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- New Obama adviser Podesta is against Keystone but will steer clear of pipeline deliberations
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- Atheists smug as Hindus join Satanists to demand display at Oklahoma Statehouse
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- 10-year-old Pennsylvania boy suspended for pretend bow-and-arrow shooting
- Tea partiers turn on Capitol Hill budget deal
By Donald Lambro
Growth spikes are little more than trend-free anomalies
Independent voices from the The Washington Times Communities
Topic - Davey Johnson
Davey Johnson, now a Nationals consultant, doesn't want to attend spring training, but new manager Matt Williams is trying to change his mind.
Tony La Russa, Bobby Cox and Joe Torre all were unanimous selections to the Hall of Fame on Monday. Could Davey Johnson join them in Cooperstown someday?
Walters appeared in only eight games with the Nats and started just one, the team's final outing of the year. In the short window he had, however, Walters experienced relative success.
The 54-year-old McClendon is the 16th full-time manager in club history. He takes over a club that went 71-91 last year. He will be formally introduced by the team on Thursday.
Lloyd McClendon was hired as manager of the Seattle Mariners on Tuesday, taking over a rebuilding job that Eric Wedge walked away from.
When he was earning Gold Gloves and making All-Star appearances and winning a World Series as a player, new Washington Nationals manager Matt Williams certainly made an impression on Jayson Werth.
More than a decade ago, when Matt Williams was still a third baseman, and Mike Rizzo was still climbing the front-office rungs, the future general manager thought he noticed the makings of a future skipper.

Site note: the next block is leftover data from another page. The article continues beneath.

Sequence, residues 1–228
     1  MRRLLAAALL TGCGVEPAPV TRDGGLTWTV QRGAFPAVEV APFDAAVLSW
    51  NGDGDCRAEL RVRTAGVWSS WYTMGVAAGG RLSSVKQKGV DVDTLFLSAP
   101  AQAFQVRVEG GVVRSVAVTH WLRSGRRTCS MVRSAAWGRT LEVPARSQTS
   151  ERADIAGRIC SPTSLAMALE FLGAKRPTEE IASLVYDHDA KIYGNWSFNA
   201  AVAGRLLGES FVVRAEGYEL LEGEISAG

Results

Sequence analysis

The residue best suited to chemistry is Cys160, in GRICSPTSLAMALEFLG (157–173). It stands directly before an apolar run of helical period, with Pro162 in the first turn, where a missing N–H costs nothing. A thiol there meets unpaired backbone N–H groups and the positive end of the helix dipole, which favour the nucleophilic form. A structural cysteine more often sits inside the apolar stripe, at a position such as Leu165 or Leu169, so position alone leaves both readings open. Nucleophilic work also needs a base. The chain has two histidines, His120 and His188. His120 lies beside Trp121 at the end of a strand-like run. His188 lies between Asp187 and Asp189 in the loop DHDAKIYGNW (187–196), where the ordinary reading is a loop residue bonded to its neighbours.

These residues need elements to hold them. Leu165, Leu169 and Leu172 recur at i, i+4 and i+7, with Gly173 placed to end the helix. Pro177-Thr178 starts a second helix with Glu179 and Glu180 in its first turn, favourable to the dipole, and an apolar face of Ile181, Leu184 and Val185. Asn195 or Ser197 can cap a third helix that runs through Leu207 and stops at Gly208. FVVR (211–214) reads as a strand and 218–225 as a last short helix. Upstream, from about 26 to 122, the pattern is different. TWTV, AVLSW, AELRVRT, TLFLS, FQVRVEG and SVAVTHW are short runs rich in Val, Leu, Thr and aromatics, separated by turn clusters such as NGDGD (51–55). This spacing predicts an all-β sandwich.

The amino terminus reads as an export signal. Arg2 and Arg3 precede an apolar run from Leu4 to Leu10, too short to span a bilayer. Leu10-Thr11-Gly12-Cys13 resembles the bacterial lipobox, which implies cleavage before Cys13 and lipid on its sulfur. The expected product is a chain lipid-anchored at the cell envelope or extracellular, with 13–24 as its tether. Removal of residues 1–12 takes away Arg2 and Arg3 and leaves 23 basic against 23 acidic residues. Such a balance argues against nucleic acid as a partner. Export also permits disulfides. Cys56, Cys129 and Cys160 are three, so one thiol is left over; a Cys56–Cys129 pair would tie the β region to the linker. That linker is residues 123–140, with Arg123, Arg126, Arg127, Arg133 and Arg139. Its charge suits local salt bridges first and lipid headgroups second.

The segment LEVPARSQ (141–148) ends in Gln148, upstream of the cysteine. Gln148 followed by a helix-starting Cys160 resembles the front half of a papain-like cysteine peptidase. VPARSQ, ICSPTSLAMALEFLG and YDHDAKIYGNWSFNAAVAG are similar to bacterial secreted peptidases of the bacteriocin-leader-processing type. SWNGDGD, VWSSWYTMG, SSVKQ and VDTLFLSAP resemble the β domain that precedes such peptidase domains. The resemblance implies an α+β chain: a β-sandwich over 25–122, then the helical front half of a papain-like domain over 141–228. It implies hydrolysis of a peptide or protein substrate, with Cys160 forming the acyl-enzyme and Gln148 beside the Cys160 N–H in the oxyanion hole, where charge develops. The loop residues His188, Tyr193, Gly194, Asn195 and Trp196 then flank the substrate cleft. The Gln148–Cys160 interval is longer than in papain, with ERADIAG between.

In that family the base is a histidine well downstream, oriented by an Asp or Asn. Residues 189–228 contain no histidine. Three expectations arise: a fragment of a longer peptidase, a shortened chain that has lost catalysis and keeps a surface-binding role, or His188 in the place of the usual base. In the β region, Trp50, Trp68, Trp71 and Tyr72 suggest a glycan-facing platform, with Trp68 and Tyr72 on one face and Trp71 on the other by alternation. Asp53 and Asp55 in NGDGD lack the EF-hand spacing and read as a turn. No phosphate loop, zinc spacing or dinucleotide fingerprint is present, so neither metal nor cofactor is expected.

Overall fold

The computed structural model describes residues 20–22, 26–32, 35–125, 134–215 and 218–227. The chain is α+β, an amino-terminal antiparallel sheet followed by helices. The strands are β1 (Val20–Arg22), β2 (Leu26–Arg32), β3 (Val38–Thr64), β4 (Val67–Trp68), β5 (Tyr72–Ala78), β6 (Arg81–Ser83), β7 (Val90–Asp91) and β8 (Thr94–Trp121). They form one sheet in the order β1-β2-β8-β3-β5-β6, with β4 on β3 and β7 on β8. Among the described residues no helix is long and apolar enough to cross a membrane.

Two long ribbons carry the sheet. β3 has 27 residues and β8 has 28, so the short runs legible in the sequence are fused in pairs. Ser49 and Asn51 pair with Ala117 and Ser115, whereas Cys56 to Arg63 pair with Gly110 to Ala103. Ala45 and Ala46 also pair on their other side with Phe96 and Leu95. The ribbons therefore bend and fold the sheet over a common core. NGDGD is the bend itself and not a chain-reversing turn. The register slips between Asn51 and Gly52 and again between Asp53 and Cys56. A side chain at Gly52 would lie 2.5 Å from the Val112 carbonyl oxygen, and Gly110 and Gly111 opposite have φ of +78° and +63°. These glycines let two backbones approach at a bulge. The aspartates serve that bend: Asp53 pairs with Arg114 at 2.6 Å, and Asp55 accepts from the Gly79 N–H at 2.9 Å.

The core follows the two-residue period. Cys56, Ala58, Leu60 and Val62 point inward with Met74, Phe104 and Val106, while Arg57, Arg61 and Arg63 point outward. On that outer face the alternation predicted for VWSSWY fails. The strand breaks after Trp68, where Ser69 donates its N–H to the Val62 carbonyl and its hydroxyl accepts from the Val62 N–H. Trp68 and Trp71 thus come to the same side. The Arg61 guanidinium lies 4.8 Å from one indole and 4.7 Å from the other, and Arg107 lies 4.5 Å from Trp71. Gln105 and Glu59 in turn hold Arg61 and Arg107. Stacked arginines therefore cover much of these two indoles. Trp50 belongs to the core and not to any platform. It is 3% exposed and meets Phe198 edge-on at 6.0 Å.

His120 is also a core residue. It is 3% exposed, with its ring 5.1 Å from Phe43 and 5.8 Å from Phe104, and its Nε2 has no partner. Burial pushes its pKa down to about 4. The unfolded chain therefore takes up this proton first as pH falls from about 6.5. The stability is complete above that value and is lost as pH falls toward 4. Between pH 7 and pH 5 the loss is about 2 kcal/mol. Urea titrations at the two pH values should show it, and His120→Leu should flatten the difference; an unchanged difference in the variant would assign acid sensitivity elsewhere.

If you are looking for signs of hope, the Nationals hiring Matt Williams is one of them – the players don't make the decisions. Nationals general manager and president of baseball operations Mike Rizzo does, and this one may be the most important of his tenure so far.
Matt Williams will be the next manager of the Nationals. Several outlets are reporting that general manager Mike Rizzo has settled on Williams to replace Davey Johnson.
The Reds fired Dusty Baker on Friday, ousting the manager who led them to their best stretch of success since the Big Red Machine but couldn't get them past the first round of the postseason.
The move came after the Reds lost the wild-card playoff in Pittsburgh 6-2 on Tuesday night, ending the season with their sixth straight loss. He had a year left on his two-year deal.
One very bad week clinched Dusty Baker's fate. The Reds decided they weren't going to bring him back.
Nats GM Mike Rizzo does not expect to run the decision by his players. What he might find if he asked, though, is a group that already has a pretty good idea of who they'd like to lead them.
Members of the Nationals are Catholic, or Mormon, or from Protestant denominations. Some are indifferent, or apathetic. Some are Jews, or Jehovah's Witnesses, or those who have more scientific beliefs. But this year, perhaps more than in years past, religion has become a frequent topic inside the Nationals' clubhouse.
The Nats figure to be a contender again next season. The right manager can lead them back to the playoffs. The wrong manager? He can make a mess out of a team that needs to come back strong from this disappointing season. This team can win and it needs to do it next year.
"To come and manage in New York, I tell you, it was a challenge and it was some of the greatest years of my life," he said.
"It was a great thrill and honor to come to New York and manage in front of the most intelligent fans in all the world," he said with a smirk. "All I had to do was listen to the radio and I knew exactly what to do."